Man in Prison for a Murder He Had No Connection to Will Go Free After 23 Years | Alternet
A detective named Louis Scarcella was on the hunt to convict someone for Werzberger’s murder, and broke several rules in order to convict Ranta, including keeping few written records and reducing the sentences of two prisoners in exchange for their information.
A detective reduced sentences?? Either the author misunderstood the circumstances, or New York has a justice system like no other.
The growing trend in upset convictions is to throw cops under the bus to take the heat off the big fish … police chiefs, sheriffs, prosecutors, D.A.’s, judges, justices, attorney generals and governors.
To understand the who, what, where and why of how it came to be that non-supervisory cops are taking most of the heat for wrongful convictions, all you have to do is compare the rote recitations of Innocence Project exonerees to Ranta’s unscripted quotes.
IP exonerees say, “I’m not bitter. I’m only looking forward. I’m glad that justice was finally served.”
Ranta said, “This case killed my whole life.”
Scarcella screwed up, and deliberately so – big time – but he didn’t kill Ranta’s life. The widow of the actual killer in Ranta’s case came forward in 1996 – 17 years ago. A judge blew her off, not Scarcella; the judge killed Ranta’s life.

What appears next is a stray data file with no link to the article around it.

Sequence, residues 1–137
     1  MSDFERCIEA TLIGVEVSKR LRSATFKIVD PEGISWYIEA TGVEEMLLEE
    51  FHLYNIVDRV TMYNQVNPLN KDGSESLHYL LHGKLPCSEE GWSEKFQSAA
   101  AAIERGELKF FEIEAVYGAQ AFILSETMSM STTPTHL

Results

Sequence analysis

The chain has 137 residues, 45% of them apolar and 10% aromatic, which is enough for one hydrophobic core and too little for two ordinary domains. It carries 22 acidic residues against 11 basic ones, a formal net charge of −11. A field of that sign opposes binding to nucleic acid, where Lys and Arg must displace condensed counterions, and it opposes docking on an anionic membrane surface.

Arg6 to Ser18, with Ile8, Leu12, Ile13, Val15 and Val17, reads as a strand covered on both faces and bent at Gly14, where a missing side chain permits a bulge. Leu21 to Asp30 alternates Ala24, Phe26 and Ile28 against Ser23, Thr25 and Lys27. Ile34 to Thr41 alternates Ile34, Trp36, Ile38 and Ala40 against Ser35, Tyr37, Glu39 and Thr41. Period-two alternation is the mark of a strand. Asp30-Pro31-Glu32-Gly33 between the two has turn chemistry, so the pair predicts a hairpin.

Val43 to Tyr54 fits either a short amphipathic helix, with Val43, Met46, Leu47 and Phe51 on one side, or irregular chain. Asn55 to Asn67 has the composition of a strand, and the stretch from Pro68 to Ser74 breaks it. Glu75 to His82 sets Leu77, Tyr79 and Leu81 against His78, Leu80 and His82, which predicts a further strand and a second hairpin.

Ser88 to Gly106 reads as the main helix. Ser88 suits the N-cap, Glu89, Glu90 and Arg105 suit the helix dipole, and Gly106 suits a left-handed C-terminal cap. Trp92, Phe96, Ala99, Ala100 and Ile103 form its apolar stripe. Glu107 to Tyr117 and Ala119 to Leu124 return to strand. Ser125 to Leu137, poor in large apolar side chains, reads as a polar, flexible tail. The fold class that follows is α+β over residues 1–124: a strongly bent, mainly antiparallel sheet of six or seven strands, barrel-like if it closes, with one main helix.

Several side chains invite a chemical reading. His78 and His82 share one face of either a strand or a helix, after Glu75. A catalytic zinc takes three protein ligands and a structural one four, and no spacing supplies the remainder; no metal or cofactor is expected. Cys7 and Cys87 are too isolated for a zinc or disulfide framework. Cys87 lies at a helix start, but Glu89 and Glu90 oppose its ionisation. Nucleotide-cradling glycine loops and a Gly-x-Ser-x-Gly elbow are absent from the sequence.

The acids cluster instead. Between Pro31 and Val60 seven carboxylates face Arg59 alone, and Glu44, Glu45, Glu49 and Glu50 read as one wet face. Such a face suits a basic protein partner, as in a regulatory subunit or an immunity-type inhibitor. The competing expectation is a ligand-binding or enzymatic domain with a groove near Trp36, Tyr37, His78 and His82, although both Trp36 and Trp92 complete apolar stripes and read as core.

Big fish get away with such murders all the time, and they’re got an ongoing warm fuzzy feeling for the Innocence Project’s backwards agenda of “preventing future wrongful convictions” via dissecting police procedures (reinventing the same wheel in as many states as possible) over and over while tens of thousands of knowingly clouded convictions lead to the death of innocents behind bars. And Ranta was nearly one of them.
If my warm fuzzy statement were untrue, the Bar Association and Justice Department wouldn’t be the IP’s biggest contributors.
The IP exoneree script – not bitter, only looking forward, justice was served – is a second undeserved sentence for the freed, and a life sentence, at that … choking on the bitterness, blinded by the flashbacks, knowing justice will never be served, and worse … that the big fish who bent and broke the law to achieve their false convictions (and keep them intact for as long as possible) will continue to harm others.
And some IP exonerees can’t handle living the lie. They turn to drugs. They commit crimes. And sometimes the stress can kills them before their time, like it did James Woodard.
Ranta was freed through the Brooklyn District Attorney’s Conviction Integrity Unit, but integrity isn’t the first word that comes to mind in prosecutorial blame-the-cop scenarios.
Two days after being freed, Ranta had a heart attack. It wasn’t from the overwhelming emotions of being freed; it was from untreated heart disease. If he’d still been “inside” when it happened, he’d be dead … and it wouldn’t have been Scarcella’s fault.
We’ll get absolutely nowhere in undoing wrongful convictions rapidly until we demand the frying of lots of big fish.